Precedent, Exemplarity, and Imitation

Research output: Chapter in Book/Report/Conference proceedingChapter (peer-reviewed)peer-review

Abstract / Description of output

This chapter examines precedent in law from an exemplarist perspective. First, it develops an account of precedent as a specific kind of exemplar. More precisely, it claims that precedents as exemplars have a dual ontology as both typical and unique, embody a public, object-based, and critical kind of exemplarity, and have emotional, monumental, and aesthetic dimensions. Next, it gives an account of reasoning by precedent as a kind of imitative reasoning. From this analysis emerges a view of precedential reasoning as a collective and historical process that has both unreflective and deliberative components, combines adaptative and formal imitation, is both backward- and forward-looking, and aims at striking a balance between faithful transmission and transformative innovation. Lastly, the chapter discusses the role that precedent plays in law’s development in the context of larger questions about imitation-driven cultural evolution. This perspective allows us to see precedent following as a central mechanism which secures continuity while enabling change, and unveils some complexities involved in the process whereby precedent contributes to the growth of the law. In short, this chapter shows that exemplarism illuminates important aspects of the nature of precedent, reasoning by precedent, and its role in law’s development.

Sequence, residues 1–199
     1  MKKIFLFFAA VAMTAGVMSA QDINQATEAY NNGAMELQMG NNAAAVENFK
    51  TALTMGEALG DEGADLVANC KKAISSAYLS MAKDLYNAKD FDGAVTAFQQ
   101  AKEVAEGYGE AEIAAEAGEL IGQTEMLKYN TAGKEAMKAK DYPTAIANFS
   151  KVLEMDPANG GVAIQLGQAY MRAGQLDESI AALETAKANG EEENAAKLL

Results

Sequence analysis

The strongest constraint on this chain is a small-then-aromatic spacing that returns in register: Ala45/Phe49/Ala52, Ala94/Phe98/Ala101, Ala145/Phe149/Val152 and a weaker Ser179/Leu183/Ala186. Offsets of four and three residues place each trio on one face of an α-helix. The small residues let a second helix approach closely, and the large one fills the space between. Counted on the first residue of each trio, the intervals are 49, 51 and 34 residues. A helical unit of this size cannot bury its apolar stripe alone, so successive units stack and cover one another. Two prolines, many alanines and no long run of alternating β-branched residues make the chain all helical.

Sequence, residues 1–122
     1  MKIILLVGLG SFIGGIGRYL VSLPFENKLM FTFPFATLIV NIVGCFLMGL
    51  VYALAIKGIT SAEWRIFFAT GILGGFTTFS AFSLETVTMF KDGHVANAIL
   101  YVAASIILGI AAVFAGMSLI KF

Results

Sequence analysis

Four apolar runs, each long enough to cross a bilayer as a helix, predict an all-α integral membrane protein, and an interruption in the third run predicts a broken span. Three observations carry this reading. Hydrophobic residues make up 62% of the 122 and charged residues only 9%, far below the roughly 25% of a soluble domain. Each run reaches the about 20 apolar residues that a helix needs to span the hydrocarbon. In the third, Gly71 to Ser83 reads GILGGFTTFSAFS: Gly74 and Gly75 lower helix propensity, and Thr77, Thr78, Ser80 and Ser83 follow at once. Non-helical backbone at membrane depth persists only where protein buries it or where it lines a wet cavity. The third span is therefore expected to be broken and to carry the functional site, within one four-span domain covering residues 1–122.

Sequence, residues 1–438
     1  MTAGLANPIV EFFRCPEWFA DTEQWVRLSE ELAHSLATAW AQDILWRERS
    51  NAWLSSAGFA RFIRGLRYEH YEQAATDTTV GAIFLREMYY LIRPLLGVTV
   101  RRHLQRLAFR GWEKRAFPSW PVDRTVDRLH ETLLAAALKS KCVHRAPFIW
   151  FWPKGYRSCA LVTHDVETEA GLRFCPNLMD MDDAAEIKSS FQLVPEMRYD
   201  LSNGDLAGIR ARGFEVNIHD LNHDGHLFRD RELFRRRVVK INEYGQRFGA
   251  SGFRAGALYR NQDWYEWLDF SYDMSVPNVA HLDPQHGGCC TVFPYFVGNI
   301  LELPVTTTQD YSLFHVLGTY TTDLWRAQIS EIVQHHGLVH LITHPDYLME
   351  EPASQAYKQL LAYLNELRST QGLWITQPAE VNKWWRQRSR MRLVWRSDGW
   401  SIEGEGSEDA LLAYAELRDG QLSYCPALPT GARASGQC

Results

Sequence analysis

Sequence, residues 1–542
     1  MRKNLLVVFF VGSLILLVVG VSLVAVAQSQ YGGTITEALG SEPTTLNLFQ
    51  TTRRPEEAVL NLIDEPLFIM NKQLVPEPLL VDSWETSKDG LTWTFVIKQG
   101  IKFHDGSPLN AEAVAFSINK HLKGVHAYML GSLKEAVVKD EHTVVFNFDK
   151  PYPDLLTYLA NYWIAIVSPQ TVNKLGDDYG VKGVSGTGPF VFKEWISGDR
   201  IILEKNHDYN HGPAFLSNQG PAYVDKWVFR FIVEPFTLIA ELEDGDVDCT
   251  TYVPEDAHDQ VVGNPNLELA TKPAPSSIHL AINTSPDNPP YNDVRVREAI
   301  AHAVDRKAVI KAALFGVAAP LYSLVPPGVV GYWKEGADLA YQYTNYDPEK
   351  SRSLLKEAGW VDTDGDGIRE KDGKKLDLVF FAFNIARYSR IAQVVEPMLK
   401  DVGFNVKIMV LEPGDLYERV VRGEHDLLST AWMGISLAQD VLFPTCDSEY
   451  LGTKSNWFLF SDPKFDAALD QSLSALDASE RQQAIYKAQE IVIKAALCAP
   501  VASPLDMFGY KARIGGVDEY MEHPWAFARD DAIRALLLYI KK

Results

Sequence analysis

Original languageEnglish
Title of host publicationPhilosophical Foundations of Precedent
EditorsTimothy Endicott, Hafsteinn Dan Kristjánsson, Sebastian Lewis
PublisherOxford University Press
Number of pages14
ISBN (Electronic)9780191948046
ISBN (Print)9780192857248
Publication statusPublished - 18 Jul 2023

Publication series

NamePhilosophical Foundations of Law
PublisherOxford University Press

Keywords / Materials (for Non-textual outputs)

  • precedent
  • example
  • imitation
  • exemplarity
  • legal exemplarism
  • analogy
  • evolution of legal culture


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